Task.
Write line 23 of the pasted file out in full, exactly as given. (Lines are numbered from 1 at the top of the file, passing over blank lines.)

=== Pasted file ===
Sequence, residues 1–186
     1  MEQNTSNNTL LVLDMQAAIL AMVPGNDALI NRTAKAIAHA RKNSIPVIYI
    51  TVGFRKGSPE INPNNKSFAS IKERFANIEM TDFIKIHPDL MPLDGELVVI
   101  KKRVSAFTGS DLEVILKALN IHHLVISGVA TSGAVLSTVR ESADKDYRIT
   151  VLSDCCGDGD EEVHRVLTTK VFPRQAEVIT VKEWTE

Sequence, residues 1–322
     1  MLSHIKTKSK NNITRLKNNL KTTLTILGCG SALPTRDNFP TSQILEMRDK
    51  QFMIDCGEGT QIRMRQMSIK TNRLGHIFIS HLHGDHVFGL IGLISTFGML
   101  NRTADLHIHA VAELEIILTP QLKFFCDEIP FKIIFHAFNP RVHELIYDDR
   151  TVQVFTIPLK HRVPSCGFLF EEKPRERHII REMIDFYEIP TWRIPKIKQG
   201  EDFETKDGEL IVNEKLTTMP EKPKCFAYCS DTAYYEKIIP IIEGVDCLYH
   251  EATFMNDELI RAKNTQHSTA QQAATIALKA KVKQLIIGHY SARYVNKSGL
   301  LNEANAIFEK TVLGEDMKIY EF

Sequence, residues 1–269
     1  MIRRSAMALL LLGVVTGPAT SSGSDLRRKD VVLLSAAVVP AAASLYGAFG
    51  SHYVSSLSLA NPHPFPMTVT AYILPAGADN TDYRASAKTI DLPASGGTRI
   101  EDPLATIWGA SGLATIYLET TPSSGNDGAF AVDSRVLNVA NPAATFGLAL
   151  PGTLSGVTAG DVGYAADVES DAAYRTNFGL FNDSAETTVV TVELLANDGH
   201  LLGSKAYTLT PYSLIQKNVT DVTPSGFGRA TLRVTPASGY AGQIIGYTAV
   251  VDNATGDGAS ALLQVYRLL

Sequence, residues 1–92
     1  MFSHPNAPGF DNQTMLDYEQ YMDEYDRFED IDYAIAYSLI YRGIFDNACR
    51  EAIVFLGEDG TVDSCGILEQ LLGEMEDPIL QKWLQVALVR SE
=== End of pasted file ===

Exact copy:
    51  EAIVFLGEDG TVDSCGILEQ LLGEMEDPIL QKWLQVALVR SE